Reading Forrest Carter’s Josey Wales novels


I have been a fan of Clint Eastwood’s 1976 western The Outlaw Josey Wales since I first saw it with my dad back in the 80s.  I actually saw and know Clint Eastwood more for Josey Wales than I do “The Man with No Name” because I saw it first and it led me to Leone’s “Dollars Trilogy”.  So, being a fan of it for so long I was surprised a few years ago when I discovered the movie was actually based on a 1973 book by Forrest Carter called Josey Wales: The Rebel Outlaw.  The story would subsequently be retitled Gone to Texas.

Being such a huge fan of Eastwood’s take on the character I felt I needed to read the source material. So I got the above book from and set about reading about one of my favorite gunslingers.

I have to say, I’m really surprised how close to the story the movie was. Carter writes a very good, gritty, action-y western. The feel on the page is the same as watching the movie. It helped that I had Eastwood’s visage burned into my brain whenever I hear the name Josey Wales. The mannerisms, the speech. It’s obvious Eastwood was very respectful of the original stories and strayed little from not only the character but the overall storyline. The only thing I think the book does better is the character of Laura Lee is a much better character in the book. But, honestly, I’m not a big fan of Sondra Locke, so that may have been a factor.

But the book, I can honestly recommend it for both fans of Eastwood’s movies and fans of good, western action in general.  The book is a fast paced read, clocking in at around 200 pages and offers a lot of gunfights and good dialogue.  It actually got me excited to read Old West fiction again, something I haven’t really done since high school.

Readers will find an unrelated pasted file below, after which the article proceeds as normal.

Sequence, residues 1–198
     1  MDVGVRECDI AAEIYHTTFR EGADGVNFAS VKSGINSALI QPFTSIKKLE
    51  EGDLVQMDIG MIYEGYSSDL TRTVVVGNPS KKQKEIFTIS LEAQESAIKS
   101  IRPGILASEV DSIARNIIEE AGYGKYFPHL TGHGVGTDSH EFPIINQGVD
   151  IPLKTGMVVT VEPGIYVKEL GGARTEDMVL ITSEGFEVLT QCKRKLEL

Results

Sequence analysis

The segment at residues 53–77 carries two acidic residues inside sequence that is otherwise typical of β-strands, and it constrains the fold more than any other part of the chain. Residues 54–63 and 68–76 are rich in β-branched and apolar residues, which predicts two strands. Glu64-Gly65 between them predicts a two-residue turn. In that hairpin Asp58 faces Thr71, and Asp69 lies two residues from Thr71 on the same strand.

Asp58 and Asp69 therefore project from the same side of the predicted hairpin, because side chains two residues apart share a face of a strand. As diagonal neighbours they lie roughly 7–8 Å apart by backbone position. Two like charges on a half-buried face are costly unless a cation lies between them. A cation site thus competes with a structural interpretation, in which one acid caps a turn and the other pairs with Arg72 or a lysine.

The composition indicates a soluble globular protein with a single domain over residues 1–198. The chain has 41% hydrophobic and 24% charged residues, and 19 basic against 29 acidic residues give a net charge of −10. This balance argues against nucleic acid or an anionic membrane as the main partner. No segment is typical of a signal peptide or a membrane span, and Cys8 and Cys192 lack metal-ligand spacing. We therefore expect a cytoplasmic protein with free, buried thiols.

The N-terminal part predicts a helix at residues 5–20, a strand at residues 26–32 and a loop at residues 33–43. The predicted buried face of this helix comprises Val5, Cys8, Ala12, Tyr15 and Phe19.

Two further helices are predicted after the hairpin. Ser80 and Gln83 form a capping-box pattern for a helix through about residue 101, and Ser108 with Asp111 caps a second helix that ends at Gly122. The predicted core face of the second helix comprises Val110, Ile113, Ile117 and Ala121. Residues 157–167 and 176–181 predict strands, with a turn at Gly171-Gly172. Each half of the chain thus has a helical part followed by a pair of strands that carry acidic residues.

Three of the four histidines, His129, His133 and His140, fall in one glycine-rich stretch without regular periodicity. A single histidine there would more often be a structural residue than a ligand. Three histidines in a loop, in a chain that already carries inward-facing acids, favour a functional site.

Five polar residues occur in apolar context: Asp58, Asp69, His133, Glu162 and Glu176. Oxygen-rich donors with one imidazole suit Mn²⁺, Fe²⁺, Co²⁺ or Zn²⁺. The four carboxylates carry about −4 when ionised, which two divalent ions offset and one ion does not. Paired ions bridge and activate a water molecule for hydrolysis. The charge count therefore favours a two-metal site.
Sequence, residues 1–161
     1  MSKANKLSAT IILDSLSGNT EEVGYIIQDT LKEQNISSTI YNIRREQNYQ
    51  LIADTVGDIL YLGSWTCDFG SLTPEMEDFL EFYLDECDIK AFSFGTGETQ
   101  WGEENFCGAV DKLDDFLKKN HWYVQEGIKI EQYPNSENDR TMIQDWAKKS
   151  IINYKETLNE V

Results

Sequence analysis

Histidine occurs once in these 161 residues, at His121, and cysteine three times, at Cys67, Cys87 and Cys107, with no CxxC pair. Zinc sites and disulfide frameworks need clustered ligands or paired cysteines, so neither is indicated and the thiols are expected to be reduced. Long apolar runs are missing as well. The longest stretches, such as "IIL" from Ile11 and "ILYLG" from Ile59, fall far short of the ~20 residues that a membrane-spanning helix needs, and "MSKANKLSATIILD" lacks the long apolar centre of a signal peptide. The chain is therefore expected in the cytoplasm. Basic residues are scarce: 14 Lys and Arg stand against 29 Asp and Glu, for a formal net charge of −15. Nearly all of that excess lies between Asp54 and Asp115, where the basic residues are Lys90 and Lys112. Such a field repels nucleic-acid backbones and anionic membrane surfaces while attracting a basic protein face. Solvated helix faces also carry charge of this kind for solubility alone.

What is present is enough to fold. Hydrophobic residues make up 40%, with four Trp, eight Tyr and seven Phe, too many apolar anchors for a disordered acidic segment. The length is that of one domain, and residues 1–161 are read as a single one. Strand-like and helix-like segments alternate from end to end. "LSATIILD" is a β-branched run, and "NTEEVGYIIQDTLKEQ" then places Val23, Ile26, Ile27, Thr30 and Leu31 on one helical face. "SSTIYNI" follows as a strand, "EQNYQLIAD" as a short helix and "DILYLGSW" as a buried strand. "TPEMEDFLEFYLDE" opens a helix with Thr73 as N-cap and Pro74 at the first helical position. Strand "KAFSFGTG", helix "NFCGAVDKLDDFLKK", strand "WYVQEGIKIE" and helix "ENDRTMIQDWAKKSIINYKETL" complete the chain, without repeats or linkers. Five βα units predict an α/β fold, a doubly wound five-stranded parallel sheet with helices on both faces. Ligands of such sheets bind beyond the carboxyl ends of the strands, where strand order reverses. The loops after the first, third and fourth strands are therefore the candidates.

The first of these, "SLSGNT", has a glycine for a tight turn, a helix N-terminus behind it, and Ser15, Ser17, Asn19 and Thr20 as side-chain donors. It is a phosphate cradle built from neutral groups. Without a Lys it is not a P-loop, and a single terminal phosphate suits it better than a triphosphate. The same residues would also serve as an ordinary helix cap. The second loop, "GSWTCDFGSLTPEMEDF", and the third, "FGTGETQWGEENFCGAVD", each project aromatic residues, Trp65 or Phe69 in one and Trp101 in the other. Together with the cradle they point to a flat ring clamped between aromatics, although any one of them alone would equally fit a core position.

In 1980, Carter followed up Gone to Texas with a sequel called The Vengeance Trail of Josey Wales.  This sequel was also included in my book copy.  Needless to say, I was pretty eager to read this sequel and see what could have also been a sequel to Eastwood’s Josey Wales (Eastwood did consider doing it but it never developed).

Josey Wales - Eastwood

The story picks up a short time after the original book.  A terrible tragedy befalls Josey Wales’ bride and his newborn child.  Honestly, the tragedy is told in detail and it’s pretty horrific to read, especially as a father.  And the rest of the book is also incredibly violent, even more so than the first novel which is not as much as you’d expect.  However, I was pulled in again by Carter’s writing style and the way he tells a story.  It’s another excellent Josey Wales novel and I liked it as much if not MORE than the original.

It’s sad that Carter never wrote anymore Wales novels.  I know Eastwood had the book and I think he was considering, but by 1980 I think he wanted to do other movies and leave the Western behind.  When he did his final Western, Unforgiven, I was surprised that the main character wasn’t Josey Wales, however, there may have been rights issues.

So if you enjoy good action, you can’t go wrong with these Josey Wales books.  They are excellent examples of fast paced Old West fiction that I personally enjoy reading.  Do yourself a favor and give it a chance.


One Response to “Reading Forrest Carter’s Josey Wales novels”

  1. like I always say, all films are westerns.
    though sometimes the directors don’t realize it yet

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